EBT Blocking Rules Should Minimize Harm to Low-income Families
Jun 12, 2012
When Congress extended the Temporary Assistance for Needy Families program through the end of fiscal year 2012, it required states to adopt policies and practices to ensure that TANF cash assistance cannot be withdrawn with an Electronic Benefits Transfer (EBT) card from ATMs or point of sale (POS) devices located in liquor stores, casinos, and adult entertainment establishments. CLASP has long-argued that these restrictions are unnecessary, based on misleading and overhyped media reports, and stigmatize needy families
However, given that this requirement has been enacted into law, CLASP has submitted comments to the Administration for Children and Families' (ACF) solicitation for input on how to implement these requirements. In our comments, CLASP urged HHS to consider the following broad principles as it prepares regulations:
- As much as possible, regulations should minimize the burden upon states of implementing these requirements. In the context of a fixed block grant and demand for services that far exceeds available funding, devoting resources to enforcing restrictions on TANF EBT access would take away resources from other services for needy families.
- ACF should make clear that the blocking requirement only applies to funds that are placed onto a state provided EBT card. It does not apply to the use of a debit card to access funds from a bank account that originated as TANF benefits (through a check, direct deposit, or by a client withdrawing funds from EBT and placing them in the bank). The blocking requirement also does not apply to services funded by TANF (including short-term non-recurrent payments and wages for subsidized employment) or non-TANF benefit programs.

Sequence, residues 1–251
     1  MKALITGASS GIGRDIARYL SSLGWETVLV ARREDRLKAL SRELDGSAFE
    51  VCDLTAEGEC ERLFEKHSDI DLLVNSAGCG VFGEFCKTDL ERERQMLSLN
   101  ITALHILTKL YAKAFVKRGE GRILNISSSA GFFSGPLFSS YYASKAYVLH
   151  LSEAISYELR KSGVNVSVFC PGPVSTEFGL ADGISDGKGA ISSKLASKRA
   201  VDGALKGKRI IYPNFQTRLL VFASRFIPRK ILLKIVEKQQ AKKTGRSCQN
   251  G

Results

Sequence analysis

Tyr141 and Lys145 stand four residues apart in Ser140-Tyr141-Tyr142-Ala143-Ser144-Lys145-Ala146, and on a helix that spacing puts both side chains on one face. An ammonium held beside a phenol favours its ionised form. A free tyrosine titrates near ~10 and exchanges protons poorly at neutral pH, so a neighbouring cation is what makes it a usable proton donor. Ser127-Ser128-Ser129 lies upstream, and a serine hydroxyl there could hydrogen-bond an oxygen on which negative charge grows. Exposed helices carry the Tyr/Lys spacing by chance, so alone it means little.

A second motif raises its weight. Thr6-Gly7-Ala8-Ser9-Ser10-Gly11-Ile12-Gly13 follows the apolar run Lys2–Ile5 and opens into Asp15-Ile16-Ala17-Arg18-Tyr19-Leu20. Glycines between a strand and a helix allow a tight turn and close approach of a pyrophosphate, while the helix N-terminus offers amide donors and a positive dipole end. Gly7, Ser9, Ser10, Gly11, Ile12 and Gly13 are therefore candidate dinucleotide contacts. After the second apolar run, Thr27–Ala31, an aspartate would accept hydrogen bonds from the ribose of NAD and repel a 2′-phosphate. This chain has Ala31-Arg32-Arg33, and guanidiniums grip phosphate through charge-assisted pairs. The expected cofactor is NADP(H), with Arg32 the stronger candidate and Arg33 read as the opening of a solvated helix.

- By including the state plan language about ensuring client access to TANF benefits (including low-cost or free access) in this section, Congress recognized that EBT blocking may have adverse impacts on access or cost. ACF should explicitly permit states to make exceptions to EBT blocking in areas where benefits cannot readily be accessed except in restricted locations.
- There is significant variation across states in the fees that EBT vendors and ATM/POS owners may charge to clients for accessing their TANF benefits. These policies should be clearly disclosed to clients and described in the state plan, and states should make public information about the total fees collected. ACF should share best practices in this area with the states, along the lines of the Department of Labor's Unemployment Insurance Program Letter 34-09.
- ACF should encourage states to implement these provisions in a way that minimizes the burden on clients to understand and comply with the restrictions, and that does not put cash register operators in a position of monitoring compliance.
States have until February 22, 2014 to adopt policies implementing the new requirements. HHS has stated that it will issue a proposed rule regulating the requirement for states to report on their policies and practices, and the associated penalty. The proposed rule will be published and subject to public comment before it is finalized. CLASP will provide analysis and comment on the draft rule at that time.
The low-income families receiving TANF assistance struggle with many different things each day, including finding safe child care, transportation to get to work, and having enough to pay the bills at the end of the month. Additional barriers to accessing their TANF assistance shouldn't be added to that list. By adopting these principles, ACF can minimize the resources wasted in implementing this provision, and ensure that needy families are not unduly burdened and do not pay excessive fees in accessing their benefits.